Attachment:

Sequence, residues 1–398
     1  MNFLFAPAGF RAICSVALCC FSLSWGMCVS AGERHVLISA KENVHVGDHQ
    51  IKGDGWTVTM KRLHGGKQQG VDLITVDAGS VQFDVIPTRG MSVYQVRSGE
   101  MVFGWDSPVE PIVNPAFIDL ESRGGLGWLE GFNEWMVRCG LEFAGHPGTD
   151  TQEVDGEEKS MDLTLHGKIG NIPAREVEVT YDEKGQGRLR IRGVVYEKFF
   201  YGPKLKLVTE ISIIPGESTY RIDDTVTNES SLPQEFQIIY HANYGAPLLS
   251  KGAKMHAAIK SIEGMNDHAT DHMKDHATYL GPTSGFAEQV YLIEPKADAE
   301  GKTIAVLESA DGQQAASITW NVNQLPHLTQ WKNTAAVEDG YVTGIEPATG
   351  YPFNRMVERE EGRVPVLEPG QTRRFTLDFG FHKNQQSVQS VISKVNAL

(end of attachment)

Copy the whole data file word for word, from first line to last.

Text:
Sequence, residues 1–398
     1  MNFLFAPAGF RAICSVALCC FSLSWGMCVS AGERHVLISA KENVHVGDHQ
    51  IKGDGWTVTM KRLHGGKQQG VDLITVDAGS VQFDVIPTRG MSVYQVRSGE
   101  MVFGWDSPVE PIVNPAFIDL ESRGGLGWLE GFNEWMVRCG LEFAGHPGTD
   151  TQEVDGEEKS MDLTLHGKIG NIPAREVEVT YDEKGQGRLR IRGVVYEKFF
   201  YGPKLKLVTE ISIIPGESTY RIDDTVTNES SLPQEFQIIY HANYGAPLLS
   251  KGAKMHAAIK SIEGMNDHAT DHMKDHATYL GPTSGFAEQV YLIEPKADAE
   301  GKTIAVLESA DGQQAASITW NVNQLPHLTQ WKNTAAVEDG YVTGIEPATG
   351  YPFNRMVERE EGRVPVLEPG QTRRFTLDFG FHKNQQSVQS VISKVNAL